A "telling" uproar: Young women, feminism, and the making of the third wave
Russell, Hope L.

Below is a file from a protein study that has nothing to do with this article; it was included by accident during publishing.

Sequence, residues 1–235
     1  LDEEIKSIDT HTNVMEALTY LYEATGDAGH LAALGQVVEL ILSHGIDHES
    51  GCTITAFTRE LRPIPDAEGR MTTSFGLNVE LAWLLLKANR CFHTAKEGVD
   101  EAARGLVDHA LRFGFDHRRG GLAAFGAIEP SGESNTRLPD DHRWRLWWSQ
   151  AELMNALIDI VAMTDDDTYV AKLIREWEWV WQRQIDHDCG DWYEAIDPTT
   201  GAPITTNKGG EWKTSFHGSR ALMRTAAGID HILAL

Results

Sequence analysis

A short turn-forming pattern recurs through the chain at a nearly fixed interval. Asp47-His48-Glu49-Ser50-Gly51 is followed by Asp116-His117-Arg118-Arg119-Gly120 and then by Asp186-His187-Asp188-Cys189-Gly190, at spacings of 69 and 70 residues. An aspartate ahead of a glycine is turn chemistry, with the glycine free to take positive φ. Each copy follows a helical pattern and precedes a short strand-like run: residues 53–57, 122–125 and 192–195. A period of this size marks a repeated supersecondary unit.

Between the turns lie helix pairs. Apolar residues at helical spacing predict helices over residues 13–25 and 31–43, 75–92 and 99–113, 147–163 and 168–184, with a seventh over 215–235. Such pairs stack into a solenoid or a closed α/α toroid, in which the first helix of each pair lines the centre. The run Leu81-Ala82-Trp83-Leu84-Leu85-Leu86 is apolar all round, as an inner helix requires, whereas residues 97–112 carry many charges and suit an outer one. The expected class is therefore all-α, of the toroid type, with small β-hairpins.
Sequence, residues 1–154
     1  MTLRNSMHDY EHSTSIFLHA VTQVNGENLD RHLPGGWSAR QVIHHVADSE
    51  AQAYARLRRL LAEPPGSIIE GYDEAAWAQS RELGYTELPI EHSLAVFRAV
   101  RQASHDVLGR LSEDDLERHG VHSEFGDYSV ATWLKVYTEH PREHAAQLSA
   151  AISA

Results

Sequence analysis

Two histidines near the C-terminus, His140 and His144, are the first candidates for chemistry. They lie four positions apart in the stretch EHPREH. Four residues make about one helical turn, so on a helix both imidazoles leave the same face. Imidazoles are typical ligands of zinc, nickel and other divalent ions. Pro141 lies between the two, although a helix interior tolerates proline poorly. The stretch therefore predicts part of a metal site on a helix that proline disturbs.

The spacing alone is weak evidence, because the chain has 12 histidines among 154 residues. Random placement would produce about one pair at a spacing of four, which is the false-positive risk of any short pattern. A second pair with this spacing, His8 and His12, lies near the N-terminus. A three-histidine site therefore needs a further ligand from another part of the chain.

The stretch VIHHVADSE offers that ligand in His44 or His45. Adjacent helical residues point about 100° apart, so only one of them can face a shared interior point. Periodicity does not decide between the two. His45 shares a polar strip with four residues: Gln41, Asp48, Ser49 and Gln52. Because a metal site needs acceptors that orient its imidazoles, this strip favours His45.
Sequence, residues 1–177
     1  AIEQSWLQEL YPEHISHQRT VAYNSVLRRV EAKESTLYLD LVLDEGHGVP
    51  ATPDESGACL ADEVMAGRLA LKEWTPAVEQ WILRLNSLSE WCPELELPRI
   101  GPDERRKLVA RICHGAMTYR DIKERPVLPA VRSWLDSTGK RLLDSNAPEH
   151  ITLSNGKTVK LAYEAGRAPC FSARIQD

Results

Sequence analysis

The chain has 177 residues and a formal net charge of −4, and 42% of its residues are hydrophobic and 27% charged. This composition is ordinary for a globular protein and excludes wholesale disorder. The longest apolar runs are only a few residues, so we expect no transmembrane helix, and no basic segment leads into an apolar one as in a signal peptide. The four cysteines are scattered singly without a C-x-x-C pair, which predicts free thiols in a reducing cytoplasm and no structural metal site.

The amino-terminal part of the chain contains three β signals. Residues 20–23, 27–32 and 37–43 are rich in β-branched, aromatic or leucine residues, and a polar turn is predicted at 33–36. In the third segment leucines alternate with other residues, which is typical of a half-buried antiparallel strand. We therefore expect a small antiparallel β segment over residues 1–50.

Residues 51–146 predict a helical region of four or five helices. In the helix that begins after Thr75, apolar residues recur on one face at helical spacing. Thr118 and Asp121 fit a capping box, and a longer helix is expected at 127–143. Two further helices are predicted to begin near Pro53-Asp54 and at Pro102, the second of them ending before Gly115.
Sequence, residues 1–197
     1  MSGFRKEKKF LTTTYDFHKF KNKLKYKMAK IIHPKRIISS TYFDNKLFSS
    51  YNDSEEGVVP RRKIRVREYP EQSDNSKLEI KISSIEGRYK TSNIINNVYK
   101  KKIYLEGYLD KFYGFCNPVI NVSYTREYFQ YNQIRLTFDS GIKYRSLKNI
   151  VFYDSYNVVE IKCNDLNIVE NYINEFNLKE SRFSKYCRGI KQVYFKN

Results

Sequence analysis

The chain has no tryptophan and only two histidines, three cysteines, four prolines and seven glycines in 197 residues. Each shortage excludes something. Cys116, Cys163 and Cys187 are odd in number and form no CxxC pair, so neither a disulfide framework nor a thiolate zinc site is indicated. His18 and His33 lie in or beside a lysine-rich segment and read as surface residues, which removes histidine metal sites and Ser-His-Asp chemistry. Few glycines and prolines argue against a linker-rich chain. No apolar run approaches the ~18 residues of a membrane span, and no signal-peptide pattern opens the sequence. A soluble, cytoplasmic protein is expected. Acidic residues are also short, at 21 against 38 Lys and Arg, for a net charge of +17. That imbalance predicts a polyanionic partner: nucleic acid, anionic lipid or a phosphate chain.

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In the late 1980s and early 1990s, young feminists burst onto the social, cultural, and political scene in the United States. Hailed as the "next" generation of feminism, third wave feminists, as they became known, were born in the 1960s and 1970s and came of age in the 1980s and 1990s. As the third wave began to coalesce across the country, these young women stood at a powerful and unprecedented moment in American history. They were the first generation to grow up female during and after the extraordinary gains of second wave feminism. As such, they possessed more rights and freedoms than any previous generation of American women. While these girls often grew up feeling empowered and entitled to their rights, their experiences with sexism and other forms of oppression in their teens and twenties made them realize that feminism was still needed in contemporary society. Third wave feminism emerged out of these personal experiences as well as in response to, and against the backdrop of, the legacy of second wave feminism, the antifeminist backlash, and the myth of postfeminism. Forged within the crucible of these changing social conditions, what do the emergence, development, and practice of third wave feminism mean on the ground to the young women who built and participated in the movement? What stories have they told about third wave feminism? What stories have others told about it? This dissertation investigates the complex and often competing stories that surround third wave feminism through a close textual analysis of third wave anthologies and academic collections in addition to supplementary texts written by scholars, journalists, and other writers. Three particular types of stories are examined: the stories that third wave feminists have told about themselves and their feminisms; the stories they have been told, and have subsequently retold, about feminism in general and second wave feminism in particular; and the stories that second wave feminists, scholars, and journalists have told about third wave feminism. While some of these stories are relatively accurate and fair, others are largely inaccurate, biased, exaggerated, and limited in scope. Overall, the cumulative effect of these disparate stories misrepresents and maligns third wave feminism in ways that are damaging to the young women in its ranks and to feminism as a whole. Throughout this study, I argue that the telling and retelling of these various stories have profound implications for how we understand and historicize third wave feminism. First, the origin stories, debates, and criticisms associated with third wave feminism marginalize the experiences and contributions of women and girls of color by primarily focusing on those of white feminists. Consistent with the early historicization of first and second wave feminisms, these narrow and incomplete stories distort the diverse realities of women's lives as well as feminist history. Second, the wide range of stories told about third wave feminism mischaracterizes its members as self-absorbed, politically indifferent, and dismissive of second wave feminism/feminists. These problematic stories obscure the very motion, and complex emotion, of this wave as it unfurled throughout the late twentieth and early twenty-first centuries. Through my intervening narrative, I argue that a radically different picture emerges if we focus on three critical dynamics of third wave feminism: young women's process of coming to feminism, their formation of the third wave through renaming and redefining feminism, and their creation and participation in various activist cultures. Together, these dynamics reveal the generational difference and desire that informs and complicates third wave feminism. This intervention is critical because it allows us to more fully understand third wave feminism and its complex relationship to the movement that came before it and the ones that are yet to come.